I am not here to judge governments; I am here to raise ideas to be further developed. I dream of the day where we know for sure where the train will take us, a day that we no longer witness insanity; I dream of the day where every Egyptian receives fair education and has equal rights.

 -Moufti

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The Niqab Of Gyges

        Earlier today I was having my random thoughts and it crossed my mind how the criminals wear masks when they commit an act of crime. I came with the conclusion that those criminals wear masks because covering their faces gives them the power to be anonymous to any possible viewers of the crime. So I thought of reversing the process, if we gave a person that has no intention of misconduct a mask, would he or she become an offender? I started looking for an example and that led me to think of “Niqab” (a piece of cloth that covers the face) that is common among the Arab society.

        Recently I have witnessed two incidents concerning women wearing the “Niqab”. The first incident was when a woman wearing the Niqab wanted to get on a bus with one functioning door, so she impatiently pushed against the other women who were trying to get off the bus without giving excuses, which led one of the women to yell at her and start a fight. The second incident was when a woman wearing the Niqab tried selling my friends and I, drugs. I have also read about many stories of women wearing the Niqab who engaged in prostitution, theft, faking identities and other things that may be considered by many people as immoral. I have even met many people who claimed that women in Niqab are the most corrupt. So I started asking questions, are those women under the Niqab initially born evil? Or humans are all born evil and that evil side is more likely to show if one covers his or her face?

        I was not able to draw conclusions because I did not have sufficient tangible evidence to support any of the claims related to the questions above; however, my thoughts led me to a mythical artifact named “The Ring Of Gyges” that was mentioned by the philosopher Plato in his book “The Republic”. Briefly, Gyges was a shepherd in the service of the king of Lydia; one day there was a great storm, and an earthquake made an opening in the earth at the place where Gyges was feeding his flock. Amazed at the sight, he descended into the opening, where he saw a dead body of stature, as appeared to him, more than human, and having nothing on but a gold ring. So Gyges decided to take the ring. Later on, the shepherds met together and according to custom they might send their monthly report about the herds to the king.  Gyges attended the assembly with the ring on his finger. As Gyges was playing around with his ring he turned the collet of the ring in his hand, instantly he became invisible to the company and they began to speak of him as if he were no longer present. He was astonished at this, and realized that turning the collet inwards made him invisible while turning it outwards made him visible again. Using the power of his ring, Gyges made himself chosen to be one of the messengers sent to the King. As soon as Gyges arrived, he seduced the queen, and with her help conspired against the king, murdered him and took the kingdom.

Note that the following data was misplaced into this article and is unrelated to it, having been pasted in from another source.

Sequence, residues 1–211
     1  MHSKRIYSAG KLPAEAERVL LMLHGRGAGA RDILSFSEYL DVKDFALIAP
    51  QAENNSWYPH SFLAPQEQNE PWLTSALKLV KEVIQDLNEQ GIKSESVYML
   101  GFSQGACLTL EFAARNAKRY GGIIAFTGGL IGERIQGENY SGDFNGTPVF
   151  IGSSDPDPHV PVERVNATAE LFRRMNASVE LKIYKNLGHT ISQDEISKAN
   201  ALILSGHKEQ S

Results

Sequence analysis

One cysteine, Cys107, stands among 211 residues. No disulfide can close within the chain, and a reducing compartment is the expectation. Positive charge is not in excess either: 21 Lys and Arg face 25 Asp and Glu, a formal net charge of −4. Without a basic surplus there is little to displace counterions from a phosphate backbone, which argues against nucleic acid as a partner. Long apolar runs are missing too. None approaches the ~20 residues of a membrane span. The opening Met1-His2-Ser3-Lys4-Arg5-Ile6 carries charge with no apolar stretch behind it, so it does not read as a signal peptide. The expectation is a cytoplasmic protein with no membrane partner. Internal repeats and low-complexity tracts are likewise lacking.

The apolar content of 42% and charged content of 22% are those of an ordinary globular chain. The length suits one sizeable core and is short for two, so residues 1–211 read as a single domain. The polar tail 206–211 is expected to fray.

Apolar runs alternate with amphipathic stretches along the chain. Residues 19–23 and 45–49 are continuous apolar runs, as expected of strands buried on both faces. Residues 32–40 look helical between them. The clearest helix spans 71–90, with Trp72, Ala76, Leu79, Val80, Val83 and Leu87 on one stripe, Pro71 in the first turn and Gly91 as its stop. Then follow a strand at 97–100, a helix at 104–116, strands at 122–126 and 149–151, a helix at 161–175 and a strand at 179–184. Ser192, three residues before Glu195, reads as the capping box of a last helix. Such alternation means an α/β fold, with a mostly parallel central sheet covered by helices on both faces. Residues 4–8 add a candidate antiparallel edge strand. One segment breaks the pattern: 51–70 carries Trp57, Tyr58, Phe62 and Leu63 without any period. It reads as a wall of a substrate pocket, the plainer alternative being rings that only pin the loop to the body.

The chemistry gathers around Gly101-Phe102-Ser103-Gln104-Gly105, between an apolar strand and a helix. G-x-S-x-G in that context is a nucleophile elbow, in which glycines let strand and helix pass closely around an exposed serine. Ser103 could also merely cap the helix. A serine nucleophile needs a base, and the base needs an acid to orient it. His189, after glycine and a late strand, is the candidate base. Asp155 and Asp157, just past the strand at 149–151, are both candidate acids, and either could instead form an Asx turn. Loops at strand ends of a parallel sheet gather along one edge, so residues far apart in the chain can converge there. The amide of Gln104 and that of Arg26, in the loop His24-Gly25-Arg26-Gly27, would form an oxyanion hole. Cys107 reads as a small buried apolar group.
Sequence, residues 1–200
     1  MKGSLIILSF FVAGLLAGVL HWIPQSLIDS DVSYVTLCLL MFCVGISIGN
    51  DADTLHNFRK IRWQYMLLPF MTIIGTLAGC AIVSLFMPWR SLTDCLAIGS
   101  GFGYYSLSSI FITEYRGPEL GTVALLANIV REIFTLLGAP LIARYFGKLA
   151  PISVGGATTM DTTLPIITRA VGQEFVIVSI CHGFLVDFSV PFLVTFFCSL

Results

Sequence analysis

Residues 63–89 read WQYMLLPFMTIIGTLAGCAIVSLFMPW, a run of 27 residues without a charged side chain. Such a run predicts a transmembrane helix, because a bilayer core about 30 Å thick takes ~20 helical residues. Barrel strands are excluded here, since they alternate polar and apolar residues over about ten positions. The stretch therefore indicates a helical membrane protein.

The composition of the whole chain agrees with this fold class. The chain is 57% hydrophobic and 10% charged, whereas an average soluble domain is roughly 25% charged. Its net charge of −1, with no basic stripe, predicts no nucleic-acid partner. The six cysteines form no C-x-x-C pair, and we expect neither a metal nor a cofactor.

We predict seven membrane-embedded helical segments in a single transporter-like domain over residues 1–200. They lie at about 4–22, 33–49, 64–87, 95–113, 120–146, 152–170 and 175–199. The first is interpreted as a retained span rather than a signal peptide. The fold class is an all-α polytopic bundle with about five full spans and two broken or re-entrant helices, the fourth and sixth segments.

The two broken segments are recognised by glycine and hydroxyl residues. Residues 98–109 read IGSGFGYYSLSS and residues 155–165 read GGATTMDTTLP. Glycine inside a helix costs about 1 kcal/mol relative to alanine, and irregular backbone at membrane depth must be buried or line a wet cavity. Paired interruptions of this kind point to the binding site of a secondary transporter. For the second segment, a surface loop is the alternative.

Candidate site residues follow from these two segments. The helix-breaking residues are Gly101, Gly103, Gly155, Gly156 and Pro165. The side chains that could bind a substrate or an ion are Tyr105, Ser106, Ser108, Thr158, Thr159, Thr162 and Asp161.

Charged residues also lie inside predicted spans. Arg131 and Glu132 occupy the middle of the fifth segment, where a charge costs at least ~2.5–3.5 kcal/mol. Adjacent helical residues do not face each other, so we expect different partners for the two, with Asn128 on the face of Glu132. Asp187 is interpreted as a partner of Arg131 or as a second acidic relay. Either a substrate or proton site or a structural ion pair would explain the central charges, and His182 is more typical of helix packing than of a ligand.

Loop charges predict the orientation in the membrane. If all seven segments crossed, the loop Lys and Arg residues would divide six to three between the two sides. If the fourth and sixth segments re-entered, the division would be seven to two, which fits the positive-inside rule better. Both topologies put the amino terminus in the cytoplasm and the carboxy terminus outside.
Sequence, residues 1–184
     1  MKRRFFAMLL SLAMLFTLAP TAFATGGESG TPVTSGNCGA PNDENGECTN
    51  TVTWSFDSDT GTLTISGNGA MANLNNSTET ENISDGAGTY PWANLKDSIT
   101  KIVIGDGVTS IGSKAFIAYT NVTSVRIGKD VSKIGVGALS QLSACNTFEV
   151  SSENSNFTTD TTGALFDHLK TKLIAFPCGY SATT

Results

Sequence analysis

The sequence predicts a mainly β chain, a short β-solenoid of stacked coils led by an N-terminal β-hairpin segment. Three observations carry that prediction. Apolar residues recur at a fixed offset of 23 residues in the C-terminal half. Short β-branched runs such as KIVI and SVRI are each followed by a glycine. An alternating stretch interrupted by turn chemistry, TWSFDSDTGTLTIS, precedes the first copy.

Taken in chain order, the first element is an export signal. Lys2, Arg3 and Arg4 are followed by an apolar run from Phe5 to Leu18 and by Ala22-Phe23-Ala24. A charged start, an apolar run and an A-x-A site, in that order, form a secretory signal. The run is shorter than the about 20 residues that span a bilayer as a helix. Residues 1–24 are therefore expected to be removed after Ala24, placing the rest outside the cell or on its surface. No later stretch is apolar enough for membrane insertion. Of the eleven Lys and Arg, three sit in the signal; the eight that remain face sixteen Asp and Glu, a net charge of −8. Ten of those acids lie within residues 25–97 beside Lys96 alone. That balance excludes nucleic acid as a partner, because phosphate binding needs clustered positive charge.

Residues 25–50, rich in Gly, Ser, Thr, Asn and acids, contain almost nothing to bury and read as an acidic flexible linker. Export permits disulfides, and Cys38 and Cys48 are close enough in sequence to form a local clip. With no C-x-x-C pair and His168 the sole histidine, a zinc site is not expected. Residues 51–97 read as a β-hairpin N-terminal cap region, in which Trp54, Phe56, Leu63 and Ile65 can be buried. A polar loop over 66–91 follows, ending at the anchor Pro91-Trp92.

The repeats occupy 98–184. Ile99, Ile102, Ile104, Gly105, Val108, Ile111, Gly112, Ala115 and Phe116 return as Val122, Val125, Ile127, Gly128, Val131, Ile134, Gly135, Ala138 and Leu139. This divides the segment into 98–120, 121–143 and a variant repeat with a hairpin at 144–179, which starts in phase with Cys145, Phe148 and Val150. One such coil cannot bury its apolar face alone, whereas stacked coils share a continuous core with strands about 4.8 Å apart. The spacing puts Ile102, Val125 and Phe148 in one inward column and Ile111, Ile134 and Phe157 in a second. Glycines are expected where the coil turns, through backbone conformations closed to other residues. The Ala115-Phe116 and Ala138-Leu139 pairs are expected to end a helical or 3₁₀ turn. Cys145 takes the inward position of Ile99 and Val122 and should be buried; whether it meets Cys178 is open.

I am not here to question Gyges’ ethical standards; nonetheless, I see that the ring he has acquired gave him an advantage over the other people. In other words, the ring gave him power. I see that the power the ring gave him is somewhat similar to the power the Niqab gives. The one wearing the Niqab has an anonymous identity that gives a wider window of opportunity to commit sinful acts and get away with them. So Now you are probably wondering if I see that wearing the Niqab necessarily leads one to commit sinful acts? And the answer is: No, as I will illustrate further in the succeeding paragraph.

        As I have reflected on the Niqab I will reflect on politicians. Many politicians start off clean and end up dirty. Is it because politicians are initially nasty people who fake being nice until they what they want? There is a possibility that this is true; yet, rationally speaking, this is not the case. Politicians have an advantage over the other people that is somewhat similar to that advantage given by the Ring Of Gyges or the Niqab, and that advantage is power.

        Once one has power, one is a given a choice, a choice to either be just, fair and altruistic or to be self centered, unjust and corrupt. The decision to have more power is similar to the decision made by Gyges when he decided to keep the ring on or the decision made by a woman who decided to wear the Niqab. With greater power comes greater responsibility and once you have made the choice to have more power, you must realize the responsibility that comes with that power. I am not here to tell you that when you have power you should be nice to everyone. I am here to remind you of how the choices you make when using your advantages, can impact your life and the lives of other people.

—Moufti                                                                                                                           

Citations:  

“The Ring of Gyges.” The Ring of Gyges. Charles.D.Kay, n.d. Web. 13 Jan. 2013.